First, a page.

In the parish throughout Lent, we are going to consider the Creeds. especially the Apostles' Creed - I post a copy of it here for reference sake. Aside from Scripture itself, this is one of the oldest and most enduring confessions of the Christian faith. Tradition says that each of the Apostles, the 12 disciple contributed a line to it.
Let us confess our faith as we say:
I believe in God, the Father almighty,
Creator of heaven and earth.
I believe in Jesus Christ, his only Son, our Lord.
He was conceived by the power of the Holy Spirit
and born of the Virgin Mary.
He suffered under Pontius Pilate,
was crucified, died, and was buried.
He descended to the dead.
On the third day he rose again.
He ascended into heaven,
and is seated at the right hand of the Father.
He will come again
to judge the living and the dead.
I believe in the Holy Spirit,
the holy catholic Church,
the communion of saints,
the forgiveness of sins,
the resurrection of the body,
and the life everlasting. Amen.
Where does the Christian faith begin? Faith begins when we attend to the reality that God is revealing who he is through the person of Jesus Christ and that we are accepting the invitation to come into relationship with God through Christ for Scripture, “Commands all men everywhere to repent and believe in the name of the Lord Jesus... as he commanded us (Acts 17.30, 1 John 3.23 and John 6.28) Believing in God is more that an assent, an acknowledgement that he is real and out there somewhere in the cosmos. Faith and belief is about a commitment to a vital relationship with the God who created all that is, seen and unseen; of heaven and of earth. This belief is also a commitment to actively express the personal conviction that God has drawn me into this relationship and that I have accepted and am living out the reality of that invitation and relationship in this world and this life.
Some will ask, “What if I have doubts? What if I get it wrong? What if I make mistakes?” First, I would point out that without doubts we cannot be certain of what it is that we actually believe. Moreover, we need to be aware that we need to examine both what we believe and where we have doubts. We need to know that there are, according to JI Packer, two types of doubt. There are those inside doubts: that is there is faith that has become infected, sick from a lack of faith and confidence in God and in the Scriptures leaving our faith “out of sorts”. There is also the external pressures that cause doubts. They often com about because we have laid to one side the faith we place in God and the Scriptures because we have chosen to believe in human expert opinion or a deep involvements that have take us way from both God and Church, or even the fear of ridicule from others for believing they way you do about a particular thing as you do. Often doubts will come because of personal experience and allowing that to override where faith is concerned.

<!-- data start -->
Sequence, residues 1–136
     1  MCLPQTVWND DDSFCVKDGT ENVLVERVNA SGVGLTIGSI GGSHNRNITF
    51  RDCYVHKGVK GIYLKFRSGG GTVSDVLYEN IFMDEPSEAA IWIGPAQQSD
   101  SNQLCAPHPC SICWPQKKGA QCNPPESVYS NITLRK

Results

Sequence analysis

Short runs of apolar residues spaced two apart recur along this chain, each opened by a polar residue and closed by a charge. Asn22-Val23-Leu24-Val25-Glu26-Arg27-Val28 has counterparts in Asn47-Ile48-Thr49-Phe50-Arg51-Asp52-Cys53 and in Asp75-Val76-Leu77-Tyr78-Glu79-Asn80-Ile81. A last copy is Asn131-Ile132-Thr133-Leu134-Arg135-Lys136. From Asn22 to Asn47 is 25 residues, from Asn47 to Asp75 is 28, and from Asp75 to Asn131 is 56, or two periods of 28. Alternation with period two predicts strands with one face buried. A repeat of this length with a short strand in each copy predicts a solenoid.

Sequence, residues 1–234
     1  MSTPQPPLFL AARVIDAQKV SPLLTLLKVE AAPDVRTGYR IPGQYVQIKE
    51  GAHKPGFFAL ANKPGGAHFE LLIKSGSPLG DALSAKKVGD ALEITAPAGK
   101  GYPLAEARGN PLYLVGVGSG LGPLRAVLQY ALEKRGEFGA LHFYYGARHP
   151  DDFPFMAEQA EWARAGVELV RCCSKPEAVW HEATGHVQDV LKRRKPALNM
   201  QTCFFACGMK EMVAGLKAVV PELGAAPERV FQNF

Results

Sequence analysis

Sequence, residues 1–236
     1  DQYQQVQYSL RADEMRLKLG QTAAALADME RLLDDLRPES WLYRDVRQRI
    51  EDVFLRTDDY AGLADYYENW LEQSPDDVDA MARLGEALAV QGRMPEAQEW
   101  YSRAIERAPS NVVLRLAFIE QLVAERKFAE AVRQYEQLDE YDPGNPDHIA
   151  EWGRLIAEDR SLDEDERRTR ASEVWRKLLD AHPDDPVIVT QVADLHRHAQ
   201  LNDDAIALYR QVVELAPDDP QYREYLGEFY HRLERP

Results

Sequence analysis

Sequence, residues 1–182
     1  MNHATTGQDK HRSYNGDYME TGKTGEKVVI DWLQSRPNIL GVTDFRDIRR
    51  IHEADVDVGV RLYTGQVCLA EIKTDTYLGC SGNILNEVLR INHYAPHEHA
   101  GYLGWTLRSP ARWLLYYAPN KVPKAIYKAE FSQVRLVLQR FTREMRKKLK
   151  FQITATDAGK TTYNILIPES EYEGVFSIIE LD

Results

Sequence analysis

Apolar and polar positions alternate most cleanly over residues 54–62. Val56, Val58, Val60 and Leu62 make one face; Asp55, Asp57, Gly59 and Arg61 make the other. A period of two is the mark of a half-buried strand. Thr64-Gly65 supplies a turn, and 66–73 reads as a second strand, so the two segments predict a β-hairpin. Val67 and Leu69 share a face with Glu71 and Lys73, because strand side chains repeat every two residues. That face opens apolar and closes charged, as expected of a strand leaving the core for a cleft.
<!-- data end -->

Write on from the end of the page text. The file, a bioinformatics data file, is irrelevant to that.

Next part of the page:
So how do we overcome doubt? This is the moment where we need to be aware that we need the community of faith to get through these things. We need people in the churches whom people can talk to, to explain the difficulty that one is having. We need to explore and examine the Scriptures and prayerfully speak with God, considering what both the Word and the Spirit have to say on the subject and reason things out (Faith is not against reason and logical, faith is above reason). Then it is important to explore what there might be in one’s life that would give rise to the doubts. It is important to remember that time and perspective will make things clearer and easier to understand.
So when we come to say the creed, it is crucial to remember that when we proclaim, “I believe in God” that the God we proclaim is the God of the Scriptures, the God that is revealed in the person of Jesus Christ. It means also that we do not believe in any other gods; that we don’t put our lives into the hands of something or someone else, be they metal or mental. We proclaim that we believe in God, Father, Son and Holy Spirit. The God who is “merciful and gracious, slow to anger and abounding in steadfast love and faithfulness, keeping steadfast love for thousands, forgiving iniquity ... but who will by no means clear the guilty.” (Exodus 34.5-7) John’s Gospel reminds us that God is both light and love. God is both lover and judge. God loves and at the same time requires righteousness and purity. God demands morality and compassion at the same time because that is his nature and his role. We see and learn this in Jesus, the Son.
When we proclaim that we believe, we claim to be participating in the worship of the Father, who is above us, with the Son Jesus, who is one among us and beside us through the Spirit who is within us. The worship and mission of God come from God himself and we are the divine community which God has created to be his Church and in God the Church lives and moves and has its being. And maybe that is the most important thing about faith... it is not just about the head knowledge that we can collect nor is about all the things the heart can feel, it is the realization that faith (pisteuo) is a verb. Faith informs the mind and emboldens the heart which in turn, empowers the hands and the feet of those who proclaim their relationship with God.
It is a terrifying thing to fall into the hands of the living God. – Hebrews 10.31